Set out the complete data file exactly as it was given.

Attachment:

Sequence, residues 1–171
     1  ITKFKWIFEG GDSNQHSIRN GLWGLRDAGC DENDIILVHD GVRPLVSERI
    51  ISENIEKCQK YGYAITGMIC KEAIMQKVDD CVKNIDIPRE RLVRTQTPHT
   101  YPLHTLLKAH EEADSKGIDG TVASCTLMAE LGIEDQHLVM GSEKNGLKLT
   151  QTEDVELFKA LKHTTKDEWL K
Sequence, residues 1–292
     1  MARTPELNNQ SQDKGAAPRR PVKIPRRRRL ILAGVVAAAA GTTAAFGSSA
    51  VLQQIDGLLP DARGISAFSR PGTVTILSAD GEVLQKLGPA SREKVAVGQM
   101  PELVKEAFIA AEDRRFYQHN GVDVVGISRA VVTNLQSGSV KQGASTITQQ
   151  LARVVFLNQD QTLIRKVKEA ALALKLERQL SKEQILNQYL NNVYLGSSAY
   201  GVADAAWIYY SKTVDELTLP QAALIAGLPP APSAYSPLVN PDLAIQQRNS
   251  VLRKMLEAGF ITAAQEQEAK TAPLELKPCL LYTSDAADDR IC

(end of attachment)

Sequence, residues 1–171
     1  ITKFKWIFEG GDSNQHSIRN GLWGLRDAGC DENDIILVHD GVRPLVSERI
    51  ISENIEKCQK YGYAITGMIC KEAIMQKVDD CVKNIDIPRE RLVRTQTPHT
   101  YPLHTLLKAH EEADSKGIDG TVASCTLMAE LGIEDQHLVM GSEKNGLKLT
   151  QTEDVELFKA LKHTTKDEWL K
Sequence, residues 1–292
     1  MARTPELNNQ SQDKGAAPRR PVKIPRRRRL ILAGVVAAAA GTTAAFGSSA
    51  VLQQIDGLLP DARGISAFSR PGTVTILSAD GEVLQKLGPA SREKVAVGQM
   101  PELVKEAFIA AEDRRFYQHN GVDVVGISRA VVTNLQSGSV KQGASTITQQ
   151  LARVVFLNQD QTLIRKVKEA ALALKLERQL SKEQILNQYL NNVYLGSSAY
   201  GVADAAWIYY SKTVDELTLP QAALIAGLPP APSAYSPLVN PDLAIQQRNS
   251  VLRKMLEAGF ITAAQEQEAK TAPLELKPCL LYTSDAADDR IC